While MoHA makes WWII gaming fun again with new abilities, free-form, open-level gameplay, and cool weapon upgrades, the experience is bogged down by frequent difficulty spikes and lack of originality. The bottom line is, World War II is boring, no matter how many extra perks you throw at it. While some imaginative new features give WWII one last hoorah, it looks to be that the greatest generation has officially passed on to make way for something new. While MoHA leaves as the best WWII game of the next gen (Call of Duty 3 being a flop), it is time for something new, which will put big brother CoD on top again, and leave any future MoH WWII games to suffer as CoD3 did.
Special Section: Achievements (not counted towards review score)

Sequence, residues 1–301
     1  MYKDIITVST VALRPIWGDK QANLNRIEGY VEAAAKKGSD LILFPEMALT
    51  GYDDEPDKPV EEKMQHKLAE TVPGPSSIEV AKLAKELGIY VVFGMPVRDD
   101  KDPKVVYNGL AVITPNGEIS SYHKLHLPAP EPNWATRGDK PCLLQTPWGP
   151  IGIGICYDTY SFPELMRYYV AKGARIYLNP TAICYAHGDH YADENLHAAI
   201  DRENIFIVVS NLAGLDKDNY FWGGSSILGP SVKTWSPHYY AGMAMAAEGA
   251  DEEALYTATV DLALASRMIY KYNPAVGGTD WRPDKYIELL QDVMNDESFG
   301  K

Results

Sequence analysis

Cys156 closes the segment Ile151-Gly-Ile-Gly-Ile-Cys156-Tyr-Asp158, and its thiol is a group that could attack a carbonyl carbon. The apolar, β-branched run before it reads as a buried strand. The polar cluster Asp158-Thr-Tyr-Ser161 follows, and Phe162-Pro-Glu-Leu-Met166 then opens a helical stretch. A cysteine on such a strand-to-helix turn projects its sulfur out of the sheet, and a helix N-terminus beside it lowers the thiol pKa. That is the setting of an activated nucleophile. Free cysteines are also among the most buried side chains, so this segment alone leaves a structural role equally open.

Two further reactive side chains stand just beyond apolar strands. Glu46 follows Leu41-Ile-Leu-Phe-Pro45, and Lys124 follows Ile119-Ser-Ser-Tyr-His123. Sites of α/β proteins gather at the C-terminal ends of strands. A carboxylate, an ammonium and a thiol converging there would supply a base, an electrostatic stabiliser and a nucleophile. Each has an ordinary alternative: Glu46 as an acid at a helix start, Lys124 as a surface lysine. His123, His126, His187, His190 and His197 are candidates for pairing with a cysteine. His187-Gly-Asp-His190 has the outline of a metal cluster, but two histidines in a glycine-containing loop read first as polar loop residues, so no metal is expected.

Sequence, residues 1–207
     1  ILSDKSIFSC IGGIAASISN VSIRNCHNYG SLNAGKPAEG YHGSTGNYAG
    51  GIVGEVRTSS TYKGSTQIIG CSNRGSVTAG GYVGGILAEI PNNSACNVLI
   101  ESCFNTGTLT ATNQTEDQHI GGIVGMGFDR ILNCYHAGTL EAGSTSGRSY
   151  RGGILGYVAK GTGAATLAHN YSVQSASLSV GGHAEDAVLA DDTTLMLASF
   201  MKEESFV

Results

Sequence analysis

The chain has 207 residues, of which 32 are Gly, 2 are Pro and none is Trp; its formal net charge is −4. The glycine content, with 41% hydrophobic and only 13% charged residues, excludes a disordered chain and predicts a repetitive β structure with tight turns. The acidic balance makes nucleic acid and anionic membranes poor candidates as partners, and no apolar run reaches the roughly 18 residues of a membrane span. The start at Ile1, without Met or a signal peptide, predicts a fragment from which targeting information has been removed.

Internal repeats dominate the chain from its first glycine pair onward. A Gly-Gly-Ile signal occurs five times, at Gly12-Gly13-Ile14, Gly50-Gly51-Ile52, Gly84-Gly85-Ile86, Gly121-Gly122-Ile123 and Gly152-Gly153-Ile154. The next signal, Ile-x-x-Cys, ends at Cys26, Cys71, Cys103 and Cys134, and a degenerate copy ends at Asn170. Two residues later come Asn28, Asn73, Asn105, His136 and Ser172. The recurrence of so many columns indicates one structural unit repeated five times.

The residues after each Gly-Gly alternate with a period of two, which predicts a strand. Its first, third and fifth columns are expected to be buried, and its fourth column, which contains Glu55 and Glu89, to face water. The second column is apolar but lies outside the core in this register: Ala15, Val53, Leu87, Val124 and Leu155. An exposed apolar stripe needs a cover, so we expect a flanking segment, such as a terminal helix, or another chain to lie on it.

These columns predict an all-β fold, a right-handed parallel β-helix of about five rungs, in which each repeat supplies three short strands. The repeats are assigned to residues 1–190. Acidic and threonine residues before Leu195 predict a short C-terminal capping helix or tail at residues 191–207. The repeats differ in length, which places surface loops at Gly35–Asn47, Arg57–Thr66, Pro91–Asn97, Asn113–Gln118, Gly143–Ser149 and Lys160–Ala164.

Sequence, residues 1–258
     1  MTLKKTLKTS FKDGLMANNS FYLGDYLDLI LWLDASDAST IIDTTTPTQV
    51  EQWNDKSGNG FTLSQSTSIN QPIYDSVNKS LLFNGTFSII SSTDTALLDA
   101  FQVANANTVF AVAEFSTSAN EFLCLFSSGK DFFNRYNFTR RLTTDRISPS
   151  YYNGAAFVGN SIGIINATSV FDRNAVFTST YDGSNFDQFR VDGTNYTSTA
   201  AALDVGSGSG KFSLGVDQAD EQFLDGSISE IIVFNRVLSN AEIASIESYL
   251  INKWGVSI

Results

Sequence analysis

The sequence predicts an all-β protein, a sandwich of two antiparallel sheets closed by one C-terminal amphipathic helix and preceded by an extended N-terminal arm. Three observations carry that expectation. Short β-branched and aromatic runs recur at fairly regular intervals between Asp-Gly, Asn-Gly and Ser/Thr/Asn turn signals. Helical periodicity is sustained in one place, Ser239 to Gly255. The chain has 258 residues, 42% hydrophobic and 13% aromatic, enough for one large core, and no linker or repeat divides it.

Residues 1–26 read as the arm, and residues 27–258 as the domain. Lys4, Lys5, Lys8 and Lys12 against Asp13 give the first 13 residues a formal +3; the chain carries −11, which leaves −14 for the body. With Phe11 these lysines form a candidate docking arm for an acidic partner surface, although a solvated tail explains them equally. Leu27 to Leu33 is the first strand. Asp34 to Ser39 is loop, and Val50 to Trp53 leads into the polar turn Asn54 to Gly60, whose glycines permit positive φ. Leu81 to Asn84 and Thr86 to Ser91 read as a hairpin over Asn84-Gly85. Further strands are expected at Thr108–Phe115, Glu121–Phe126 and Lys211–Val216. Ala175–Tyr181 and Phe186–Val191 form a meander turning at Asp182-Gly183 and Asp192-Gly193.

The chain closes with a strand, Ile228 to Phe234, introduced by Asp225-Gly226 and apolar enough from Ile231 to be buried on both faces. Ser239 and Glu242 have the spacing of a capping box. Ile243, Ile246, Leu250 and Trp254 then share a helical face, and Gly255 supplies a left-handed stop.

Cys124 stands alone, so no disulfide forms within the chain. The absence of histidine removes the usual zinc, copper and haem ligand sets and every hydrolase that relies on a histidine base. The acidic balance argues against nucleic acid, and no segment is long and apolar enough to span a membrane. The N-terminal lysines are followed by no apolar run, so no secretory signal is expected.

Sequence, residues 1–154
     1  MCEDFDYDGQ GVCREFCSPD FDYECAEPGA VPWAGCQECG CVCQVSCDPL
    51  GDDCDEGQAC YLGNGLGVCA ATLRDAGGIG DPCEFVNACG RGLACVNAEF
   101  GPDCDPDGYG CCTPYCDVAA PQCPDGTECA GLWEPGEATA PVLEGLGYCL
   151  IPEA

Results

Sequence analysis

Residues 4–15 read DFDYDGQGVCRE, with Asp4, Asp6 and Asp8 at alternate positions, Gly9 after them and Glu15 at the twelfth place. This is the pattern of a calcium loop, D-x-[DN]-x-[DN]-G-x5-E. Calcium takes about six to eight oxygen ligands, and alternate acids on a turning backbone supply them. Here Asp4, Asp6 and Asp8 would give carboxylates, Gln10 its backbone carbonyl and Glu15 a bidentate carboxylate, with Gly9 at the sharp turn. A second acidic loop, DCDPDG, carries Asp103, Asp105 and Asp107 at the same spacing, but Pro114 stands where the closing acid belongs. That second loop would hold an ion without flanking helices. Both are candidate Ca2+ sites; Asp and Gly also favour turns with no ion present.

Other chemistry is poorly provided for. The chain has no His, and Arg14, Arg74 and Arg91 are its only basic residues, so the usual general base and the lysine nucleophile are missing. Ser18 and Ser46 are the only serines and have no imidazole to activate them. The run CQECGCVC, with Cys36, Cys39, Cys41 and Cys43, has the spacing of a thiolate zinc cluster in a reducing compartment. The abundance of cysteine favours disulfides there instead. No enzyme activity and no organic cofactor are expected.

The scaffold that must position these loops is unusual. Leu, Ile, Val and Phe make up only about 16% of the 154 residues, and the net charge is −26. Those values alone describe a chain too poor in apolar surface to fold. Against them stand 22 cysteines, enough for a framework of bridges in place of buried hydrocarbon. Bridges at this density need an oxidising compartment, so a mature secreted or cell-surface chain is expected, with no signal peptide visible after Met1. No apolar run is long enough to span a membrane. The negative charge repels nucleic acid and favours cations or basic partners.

Difficulty: 6/10 (10 being the hardest)
Enjoyability: 5/10 (10 being the most enjoyable)
The achievements are relatively easy at first, but, like the story, get harder in the end. Clearing the story will give you a good deal, as will the achievements that you will get as you progress, like Cheat Death, In Yer Face, and the headshot and weapon upgrade points.
In multiplayer, the developers made some achievements worth absolutely nothing, (I assume to resemble actual medals, seeing as how the achievements are named after medals) which makes earning them pointless and boring. Some are similar to the story mode's point-givers, and earning points with your teammates in capture-the-flag will net you about 70 points within your first tow matches, depending on how actively engaged you are in capturing flags and killing foes. Playing as the Allies helps to make the experience all the better.
Reviewer's Score: 7/10 | Originally Posted: 09/17/07
Game Release: Medal of Honor: Airborne (US, 09/04/07)